The four poems that shelter under the umbrella title of CARAVAN AT BREAN (with the grandchildren) are basically four different aspects of a wonderful holiday in Somerset.



The children…two boys and a girl
Run towards the brown sea like dogs unleashed
And skitter across the cold, cloying mud.
A fog horn warns them of impending doom
Until Grandma tells me to stop scaring them.
They have seen more inviting beaches and sense prevails;
So we settle on the edge of the dunes and make camp.
The dun dishwater silt-soaked sea, cold and estuarine,
Holds little in the way of appeal except for observation.
I look for Wales…and spot it on the horizon.
In the foreground a hump-backed island
Breaches the coffee and cream swirling sea.
Groynes, like crones’ teeth black and uneven,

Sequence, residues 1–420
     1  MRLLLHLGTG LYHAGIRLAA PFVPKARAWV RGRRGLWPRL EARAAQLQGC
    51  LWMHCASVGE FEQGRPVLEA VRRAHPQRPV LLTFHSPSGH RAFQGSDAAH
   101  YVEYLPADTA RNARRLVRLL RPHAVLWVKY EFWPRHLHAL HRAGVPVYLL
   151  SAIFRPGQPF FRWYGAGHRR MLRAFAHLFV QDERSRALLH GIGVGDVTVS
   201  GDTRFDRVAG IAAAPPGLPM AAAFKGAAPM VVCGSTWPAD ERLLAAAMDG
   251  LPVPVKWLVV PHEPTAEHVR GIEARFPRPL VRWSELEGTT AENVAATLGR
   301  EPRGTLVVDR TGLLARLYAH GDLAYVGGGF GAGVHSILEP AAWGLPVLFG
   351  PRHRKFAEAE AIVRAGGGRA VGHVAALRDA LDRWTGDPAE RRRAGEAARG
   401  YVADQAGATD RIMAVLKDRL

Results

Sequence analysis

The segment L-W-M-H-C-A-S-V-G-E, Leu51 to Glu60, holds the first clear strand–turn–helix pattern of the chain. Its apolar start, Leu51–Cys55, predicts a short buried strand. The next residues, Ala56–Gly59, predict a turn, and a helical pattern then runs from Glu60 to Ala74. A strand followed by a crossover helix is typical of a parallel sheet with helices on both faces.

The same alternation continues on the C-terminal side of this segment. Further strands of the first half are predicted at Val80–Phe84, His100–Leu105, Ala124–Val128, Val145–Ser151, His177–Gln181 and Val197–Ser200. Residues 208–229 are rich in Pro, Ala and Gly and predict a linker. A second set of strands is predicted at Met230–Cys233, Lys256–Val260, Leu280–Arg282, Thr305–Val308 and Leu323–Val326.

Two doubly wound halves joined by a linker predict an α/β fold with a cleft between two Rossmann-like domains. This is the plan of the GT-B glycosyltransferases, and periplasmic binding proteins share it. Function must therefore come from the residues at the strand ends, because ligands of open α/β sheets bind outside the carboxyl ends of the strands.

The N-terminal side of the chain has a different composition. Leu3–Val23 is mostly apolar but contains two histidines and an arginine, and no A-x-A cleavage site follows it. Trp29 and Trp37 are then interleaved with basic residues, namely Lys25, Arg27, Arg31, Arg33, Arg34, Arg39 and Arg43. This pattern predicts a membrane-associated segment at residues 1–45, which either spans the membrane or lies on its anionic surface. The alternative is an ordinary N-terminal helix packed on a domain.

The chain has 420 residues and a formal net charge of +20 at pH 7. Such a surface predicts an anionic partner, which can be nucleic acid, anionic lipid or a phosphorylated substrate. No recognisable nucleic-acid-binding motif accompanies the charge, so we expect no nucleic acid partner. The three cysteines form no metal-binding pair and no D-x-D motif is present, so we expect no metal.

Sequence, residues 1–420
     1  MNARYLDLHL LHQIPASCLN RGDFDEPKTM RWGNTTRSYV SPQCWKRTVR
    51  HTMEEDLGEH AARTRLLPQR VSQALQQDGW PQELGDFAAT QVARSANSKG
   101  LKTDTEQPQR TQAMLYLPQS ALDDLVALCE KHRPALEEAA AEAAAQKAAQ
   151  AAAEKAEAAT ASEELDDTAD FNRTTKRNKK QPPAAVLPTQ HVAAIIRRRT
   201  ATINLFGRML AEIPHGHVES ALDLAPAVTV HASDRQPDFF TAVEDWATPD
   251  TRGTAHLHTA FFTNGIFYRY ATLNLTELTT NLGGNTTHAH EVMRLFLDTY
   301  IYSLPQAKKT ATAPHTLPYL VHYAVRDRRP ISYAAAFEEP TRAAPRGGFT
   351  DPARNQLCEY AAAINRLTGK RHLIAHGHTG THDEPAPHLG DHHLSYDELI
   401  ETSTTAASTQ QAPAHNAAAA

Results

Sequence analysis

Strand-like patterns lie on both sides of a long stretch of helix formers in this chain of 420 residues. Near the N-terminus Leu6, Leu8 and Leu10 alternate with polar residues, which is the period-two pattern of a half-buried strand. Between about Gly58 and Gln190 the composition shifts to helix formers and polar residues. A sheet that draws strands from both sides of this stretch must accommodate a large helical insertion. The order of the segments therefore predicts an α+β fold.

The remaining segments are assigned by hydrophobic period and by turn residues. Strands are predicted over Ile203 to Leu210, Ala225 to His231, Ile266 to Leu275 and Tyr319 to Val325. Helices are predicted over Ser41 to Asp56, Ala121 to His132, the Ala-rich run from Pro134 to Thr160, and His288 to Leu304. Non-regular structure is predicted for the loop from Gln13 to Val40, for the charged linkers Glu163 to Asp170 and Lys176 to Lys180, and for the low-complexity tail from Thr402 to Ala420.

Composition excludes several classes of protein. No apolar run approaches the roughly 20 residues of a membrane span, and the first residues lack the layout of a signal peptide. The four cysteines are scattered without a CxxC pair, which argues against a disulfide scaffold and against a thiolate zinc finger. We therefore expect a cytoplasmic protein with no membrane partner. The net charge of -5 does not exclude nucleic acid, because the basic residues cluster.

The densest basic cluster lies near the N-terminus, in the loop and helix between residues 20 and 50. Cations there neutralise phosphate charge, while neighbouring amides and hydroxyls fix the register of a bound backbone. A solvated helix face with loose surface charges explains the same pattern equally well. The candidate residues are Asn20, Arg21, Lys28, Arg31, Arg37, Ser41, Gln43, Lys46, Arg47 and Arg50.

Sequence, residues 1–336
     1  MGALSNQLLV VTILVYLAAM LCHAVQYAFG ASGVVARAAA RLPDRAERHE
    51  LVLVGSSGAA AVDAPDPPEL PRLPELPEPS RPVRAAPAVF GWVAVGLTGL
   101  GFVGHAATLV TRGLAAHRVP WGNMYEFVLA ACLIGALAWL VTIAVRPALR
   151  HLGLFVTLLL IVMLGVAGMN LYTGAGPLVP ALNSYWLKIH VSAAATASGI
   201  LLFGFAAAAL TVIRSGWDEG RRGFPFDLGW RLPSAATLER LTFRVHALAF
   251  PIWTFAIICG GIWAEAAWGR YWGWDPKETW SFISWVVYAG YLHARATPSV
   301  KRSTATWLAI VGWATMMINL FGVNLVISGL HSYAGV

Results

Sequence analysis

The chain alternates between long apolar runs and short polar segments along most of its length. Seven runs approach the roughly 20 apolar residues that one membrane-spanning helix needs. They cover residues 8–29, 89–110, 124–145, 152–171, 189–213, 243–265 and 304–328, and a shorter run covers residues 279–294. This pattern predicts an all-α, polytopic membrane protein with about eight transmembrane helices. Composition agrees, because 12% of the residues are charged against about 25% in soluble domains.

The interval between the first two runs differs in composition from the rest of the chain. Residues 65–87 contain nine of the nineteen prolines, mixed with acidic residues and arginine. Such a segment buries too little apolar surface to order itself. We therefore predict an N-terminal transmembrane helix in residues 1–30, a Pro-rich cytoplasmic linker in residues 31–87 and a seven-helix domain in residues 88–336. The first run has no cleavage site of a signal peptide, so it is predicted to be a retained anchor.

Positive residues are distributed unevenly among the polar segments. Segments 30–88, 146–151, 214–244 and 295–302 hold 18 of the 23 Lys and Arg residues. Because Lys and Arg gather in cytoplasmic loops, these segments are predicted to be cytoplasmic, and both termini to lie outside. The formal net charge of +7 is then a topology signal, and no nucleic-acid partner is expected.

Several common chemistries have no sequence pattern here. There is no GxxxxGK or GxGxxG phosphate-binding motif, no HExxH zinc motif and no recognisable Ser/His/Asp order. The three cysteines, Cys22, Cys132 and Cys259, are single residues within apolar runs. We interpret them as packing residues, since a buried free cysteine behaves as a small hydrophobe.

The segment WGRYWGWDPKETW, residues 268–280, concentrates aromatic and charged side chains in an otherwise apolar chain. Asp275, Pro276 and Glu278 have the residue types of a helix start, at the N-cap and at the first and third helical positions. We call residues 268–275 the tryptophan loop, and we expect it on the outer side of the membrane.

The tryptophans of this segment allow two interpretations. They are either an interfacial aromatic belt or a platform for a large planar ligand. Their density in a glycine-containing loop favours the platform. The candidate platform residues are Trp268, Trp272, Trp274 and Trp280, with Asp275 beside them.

Leave me with a feeling of being cheated
As I discover they are concrete posts
That are merely pretending to be wooden.
The kids, now architects and construction workers,
Embrace the beach, a sandsculptor’s dream,
Whose digestive biscuit particles cling together
Like strands of complaisant DNA.
Web-footed dogs dart around the dull sands
And deconstruct the abandoned sandcastles
With their wet noses and dribbled urine.
When finally the sun makes a committed appearance
It comes to me that we are the memory makers
The providers and purveyors of halcyon days
For those blond-haired kids whose locks will darken
Hopefully more than their cares ever will.
They will look back on these untroubled days and
Wonder what happened to those well-met mates;
Those passing acquaintances made under the clouds
Who seemed so important at the time but
Have now left them to live lives of their own.

©gray lightfoot